Published: April 2, 2012
other editionsParanormal, Print
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Gillian Locke has been beaten, battered, and bruised, but her ex-boyfriend still hasn’t managed to break her. When she leaves Kyle for the last time, she knows the only way she’ll ever be back in his grasp is over her dead body.
On the run, her car disastrously breaks down in at the top of a mountain in the middle of nowhere. Stuck in a terrible snowstorm, Gillian figures it’s better to die at the hands of nature, than at the hands of Kyle, her tormentor. Fighting the freezing cold, she stares death in the eye and presses on, until she happens upon a cabin in the woods, and is offered shelter by three gorgeous men who can’t seem to get enough of her.
The Bearclaw brothers are descendants of the ancient Anikota tribe of Indians. Their beast spirit and blessing from the Maker allows them the ability to sense the one who will complete their soul. Being triplets, they always expected their mate to be a woman they’d all share. With the Maker’s blessing, they hope to ease past Gillian’s defenses…before her past threatens to end their future.
Read an Excerpt
Sleet whipped through the trees, stinging her face and burrowing through her clothes to chill her skin. Gillian tightened her hold on the jacket as the wind threatened to yank it from her shoulders. Her fingers tunneled into her skimpy pockets, searching for warmth that wasn’t there. Feet crunching and sinking into the dangerous snow brought her closer and closer to her goal. Warmth was only footsteps away…many, many footsteps.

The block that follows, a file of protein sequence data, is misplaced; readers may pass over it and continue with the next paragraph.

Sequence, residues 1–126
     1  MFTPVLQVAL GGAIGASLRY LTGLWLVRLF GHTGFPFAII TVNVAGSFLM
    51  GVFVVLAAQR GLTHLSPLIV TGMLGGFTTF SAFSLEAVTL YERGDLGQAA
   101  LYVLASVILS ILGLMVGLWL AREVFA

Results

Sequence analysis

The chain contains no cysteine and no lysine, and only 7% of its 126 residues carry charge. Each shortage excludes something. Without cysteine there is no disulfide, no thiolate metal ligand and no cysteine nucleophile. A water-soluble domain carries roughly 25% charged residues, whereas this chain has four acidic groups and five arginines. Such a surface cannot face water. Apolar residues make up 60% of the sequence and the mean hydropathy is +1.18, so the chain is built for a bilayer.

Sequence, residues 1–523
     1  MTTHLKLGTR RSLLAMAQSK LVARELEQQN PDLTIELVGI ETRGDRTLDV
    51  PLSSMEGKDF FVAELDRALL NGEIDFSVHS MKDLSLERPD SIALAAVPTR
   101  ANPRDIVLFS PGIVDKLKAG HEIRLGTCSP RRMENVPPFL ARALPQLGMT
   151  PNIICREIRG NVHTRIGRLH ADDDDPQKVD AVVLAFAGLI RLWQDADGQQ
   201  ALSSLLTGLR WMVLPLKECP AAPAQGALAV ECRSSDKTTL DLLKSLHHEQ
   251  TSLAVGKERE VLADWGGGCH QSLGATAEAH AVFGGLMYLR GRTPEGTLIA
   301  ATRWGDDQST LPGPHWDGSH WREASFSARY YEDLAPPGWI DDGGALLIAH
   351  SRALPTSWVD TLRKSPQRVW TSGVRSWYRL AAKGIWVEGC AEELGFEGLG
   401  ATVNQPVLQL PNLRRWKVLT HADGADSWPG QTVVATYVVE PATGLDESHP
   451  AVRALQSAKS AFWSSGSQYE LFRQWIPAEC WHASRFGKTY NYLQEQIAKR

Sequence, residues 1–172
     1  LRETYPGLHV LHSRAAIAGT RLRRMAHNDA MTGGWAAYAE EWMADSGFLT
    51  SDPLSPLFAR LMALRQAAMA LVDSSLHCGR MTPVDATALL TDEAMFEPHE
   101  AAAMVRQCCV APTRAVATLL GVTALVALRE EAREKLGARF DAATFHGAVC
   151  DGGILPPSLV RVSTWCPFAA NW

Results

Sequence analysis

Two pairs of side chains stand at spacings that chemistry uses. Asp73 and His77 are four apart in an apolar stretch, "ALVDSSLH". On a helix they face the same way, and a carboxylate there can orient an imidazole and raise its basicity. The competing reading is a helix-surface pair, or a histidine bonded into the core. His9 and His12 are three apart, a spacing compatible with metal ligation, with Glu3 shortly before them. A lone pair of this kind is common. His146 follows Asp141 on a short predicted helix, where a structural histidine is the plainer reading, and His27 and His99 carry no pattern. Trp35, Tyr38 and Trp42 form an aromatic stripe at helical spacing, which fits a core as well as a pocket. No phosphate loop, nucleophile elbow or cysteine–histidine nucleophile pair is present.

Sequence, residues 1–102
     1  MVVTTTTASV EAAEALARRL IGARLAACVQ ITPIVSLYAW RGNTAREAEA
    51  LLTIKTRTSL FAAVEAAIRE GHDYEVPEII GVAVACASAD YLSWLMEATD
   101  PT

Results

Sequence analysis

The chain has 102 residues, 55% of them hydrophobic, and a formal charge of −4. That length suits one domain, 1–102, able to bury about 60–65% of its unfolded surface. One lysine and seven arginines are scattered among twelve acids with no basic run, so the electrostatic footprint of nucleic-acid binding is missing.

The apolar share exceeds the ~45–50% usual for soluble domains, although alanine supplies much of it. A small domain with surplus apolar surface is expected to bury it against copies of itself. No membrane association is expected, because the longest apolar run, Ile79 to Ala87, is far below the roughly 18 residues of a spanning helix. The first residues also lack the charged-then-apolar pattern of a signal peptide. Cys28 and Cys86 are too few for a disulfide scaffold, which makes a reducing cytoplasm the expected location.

From the road, where she’d left her broken-down car, the smoke rising in the trees hadn’t seemed too far off. Now, hours later, it seemed like she’d been walking for an eternity. Gillian was tempted to check her watch again, to see how long she’d been walking down the slushy, rutted road, but couldn’t force her hands to leave the haven in her pockets.
One foot in front of the other, she kept trekking, stumbling over unseen rocks and tripping in hidden holes. Exhaustion began to overtake her. Each breath puffed from her mouth, turning the air bright white before she sucked back in frigid air, which seemed to freeze Gillian from the inside out. But she couldn’t stop, could never stop.